I wrote up a short piece about the impact of social media in the 2012 election. It will come out in print this month and I wanted to share it here as well.
The expectation of many audience members was to get a behind-the-scene view of presidential candidate Romney by an insider who has researched and covered him for over 18 years for The Boston Globe.
Kranish is a great story teller, a diligent researcher: For this book, he and his coauthor followed Romney’s career during the last 18 years, interviewed his business partners to understand how the candidate’s environment, upbringing, religious context, business experience at Bain Capital have shaped his political decision making.
After his introductory lecture, Kranish was asked several times – in different ways – who the real Mitt Romney is, how his status in the The Church of Jesus Christ of Latter-day Saints as the local “bishop” will shape his decision making as a potential president. Kranish did not provide a response directly to the question, instead quoted Romney with: “I want to be a Mormon who runs for presidency, and not a mormon president.” Earlier although he did hint at the fact that Romney had said several times, that his faith has shaped who he is today and that it is a large part of himself as a person.
Besides the Mormon faith, Romney’s sense of the middle-class, or “the poor” were questioned, but not transcribed in the attached list of tweets: Kranish talked a lot about Romney’s success at Bain Capital, an investment firm created as a spin-off from Bain Consulting, that was created to invest rich investors’ money into companies and sell the companies at a profit. Kranish reports, that Romney personally must have made ~ $25-30 million in profits when he sold Staples after consolidating the company. The Boston Globe reviewed ~100 transactions during Romney’s tenure at Bain Capital and – you make the math – traced Romney’s share of the profits. Again, not a straight answer to the question wether Romney is able to understand those part of the society who are not able to make millions of dollars per year. Kranish pointed to the experiences that shape a politicians life which will provide the context in which he might most likely make decisions in the future.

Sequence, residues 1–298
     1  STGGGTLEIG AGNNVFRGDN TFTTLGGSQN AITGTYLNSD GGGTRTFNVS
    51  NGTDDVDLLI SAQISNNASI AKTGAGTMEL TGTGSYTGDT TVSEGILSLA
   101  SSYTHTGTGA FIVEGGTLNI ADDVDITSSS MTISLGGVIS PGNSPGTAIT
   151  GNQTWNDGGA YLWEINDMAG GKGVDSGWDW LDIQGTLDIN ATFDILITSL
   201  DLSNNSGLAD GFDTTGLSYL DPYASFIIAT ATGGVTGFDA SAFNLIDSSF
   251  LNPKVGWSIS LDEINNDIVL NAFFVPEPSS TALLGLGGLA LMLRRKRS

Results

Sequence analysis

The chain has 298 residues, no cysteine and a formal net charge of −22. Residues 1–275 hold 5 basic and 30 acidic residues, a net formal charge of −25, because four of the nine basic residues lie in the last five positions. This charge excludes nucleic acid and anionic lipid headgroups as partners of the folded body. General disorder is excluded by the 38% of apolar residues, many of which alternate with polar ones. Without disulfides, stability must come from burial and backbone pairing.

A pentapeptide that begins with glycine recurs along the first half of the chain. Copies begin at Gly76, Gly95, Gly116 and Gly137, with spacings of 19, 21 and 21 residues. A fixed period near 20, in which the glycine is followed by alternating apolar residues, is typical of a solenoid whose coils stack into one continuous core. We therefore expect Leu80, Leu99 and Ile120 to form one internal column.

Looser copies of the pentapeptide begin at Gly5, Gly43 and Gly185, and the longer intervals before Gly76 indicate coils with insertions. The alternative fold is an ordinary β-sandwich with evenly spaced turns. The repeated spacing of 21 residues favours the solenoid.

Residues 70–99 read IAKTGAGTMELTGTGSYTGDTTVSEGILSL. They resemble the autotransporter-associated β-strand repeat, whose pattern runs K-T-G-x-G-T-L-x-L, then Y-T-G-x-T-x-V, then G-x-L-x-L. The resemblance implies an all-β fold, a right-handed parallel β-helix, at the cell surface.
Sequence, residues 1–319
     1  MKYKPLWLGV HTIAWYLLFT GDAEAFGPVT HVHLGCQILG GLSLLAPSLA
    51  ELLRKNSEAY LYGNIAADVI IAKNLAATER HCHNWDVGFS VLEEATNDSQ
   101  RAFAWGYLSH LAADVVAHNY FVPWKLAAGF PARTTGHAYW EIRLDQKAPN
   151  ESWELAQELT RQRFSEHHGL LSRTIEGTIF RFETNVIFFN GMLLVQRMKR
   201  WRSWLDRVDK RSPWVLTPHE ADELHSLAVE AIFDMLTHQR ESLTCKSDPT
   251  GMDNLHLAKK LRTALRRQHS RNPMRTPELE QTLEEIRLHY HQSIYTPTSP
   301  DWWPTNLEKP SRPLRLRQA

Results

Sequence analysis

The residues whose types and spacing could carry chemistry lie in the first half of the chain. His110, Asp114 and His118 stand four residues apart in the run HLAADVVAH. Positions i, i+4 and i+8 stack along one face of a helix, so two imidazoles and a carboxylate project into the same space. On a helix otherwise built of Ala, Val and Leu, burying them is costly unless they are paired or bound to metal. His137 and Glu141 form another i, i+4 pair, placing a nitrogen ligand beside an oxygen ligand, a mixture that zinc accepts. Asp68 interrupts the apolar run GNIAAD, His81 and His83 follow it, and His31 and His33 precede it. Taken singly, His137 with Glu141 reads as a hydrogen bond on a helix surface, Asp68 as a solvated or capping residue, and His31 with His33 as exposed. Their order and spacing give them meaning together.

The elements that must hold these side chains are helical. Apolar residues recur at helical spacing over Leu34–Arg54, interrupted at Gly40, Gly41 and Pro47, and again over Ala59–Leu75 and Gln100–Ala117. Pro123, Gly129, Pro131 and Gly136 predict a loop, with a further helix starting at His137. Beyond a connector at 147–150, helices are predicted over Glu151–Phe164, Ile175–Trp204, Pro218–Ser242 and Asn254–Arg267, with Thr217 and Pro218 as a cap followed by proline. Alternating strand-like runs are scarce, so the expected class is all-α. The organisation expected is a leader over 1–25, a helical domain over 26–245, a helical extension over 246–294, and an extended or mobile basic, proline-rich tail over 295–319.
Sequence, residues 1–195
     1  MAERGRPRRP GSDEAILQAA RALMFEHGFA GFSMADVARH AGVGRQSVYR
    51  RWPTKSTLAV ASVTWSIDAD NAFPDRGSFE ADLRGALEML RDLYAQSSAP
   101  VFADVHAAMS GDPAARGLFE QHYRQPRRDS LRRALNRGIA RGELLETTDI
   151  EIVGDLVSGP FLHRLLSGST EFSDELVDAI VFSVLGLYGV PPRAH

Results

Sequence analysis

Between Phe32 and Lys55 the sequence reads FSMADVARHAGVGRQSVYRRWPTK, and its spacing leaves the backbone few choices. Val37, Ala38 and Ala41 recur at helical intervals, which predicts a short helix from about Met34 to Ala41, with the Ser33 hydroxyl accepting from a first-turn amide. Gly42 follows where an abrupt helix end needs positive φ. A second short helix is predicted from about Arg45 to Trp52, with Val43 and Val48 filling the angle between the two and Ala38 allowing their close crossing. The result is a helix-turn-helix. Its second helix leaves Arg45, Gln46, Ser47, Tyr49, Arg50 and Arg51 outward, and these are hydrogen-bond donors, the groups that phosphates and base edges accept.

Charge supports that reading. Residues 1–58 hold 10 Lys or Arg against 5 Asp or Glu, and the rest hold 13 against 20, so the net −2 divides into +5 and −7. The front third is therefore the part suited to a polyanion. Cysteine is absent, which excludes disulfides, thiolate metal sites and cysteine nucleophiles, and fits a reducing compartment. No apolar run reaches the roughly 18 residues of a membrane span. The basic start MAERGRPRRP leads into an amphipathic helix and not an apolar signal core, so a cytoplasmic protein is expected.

Overall, many questions were unanswered, especially because Kranish’ did not draw any conclusions from his research and did not want to provide theories through his personal lens.
Here is a list of tweets transcribing and commenting on the author’s lecture in chronological order:
The next 100 days count – and Twitter is counting our sentiments and online interactions to gauge the potential outcome of the presidential campaign in the U.S.: Today, Twitter launched a new site called the Twitter Political Index. According to the Twitter blog, the @gov team is analyzing the +2 million tweets every week to understand how the nation’s Twitter users feel about President Obama and his challenger Romney.
The index represents:
Twitter teams up with USAToday’s election team and Topsy to display the sentiment results in the newspaper’s Election Meter. The sentiments are measured on a 0 to 100 scale and everything above 50 is coded as positive sentiment. A sliding scale lets users go back in time and shows sentiments including their related historical events (such as important visits, or speeches):
Adam Sharp, Twitter’s head of news and social innovation (@gov), shared some of the ideas and analysis mechanisms on NYT’s Timescast on August 2. Asked how Twindex represents the American public, he responded on Twitter:
I was interviewed for our local channel 9 News to talk about #Twindex: PollstePollsters using social media sites to gauge popularity of candidatesrs
- WashingtonPost.com: Introducing the Twitter Political Index!
- NationalJournal: Twitter will gauge voter sentiment in new venture.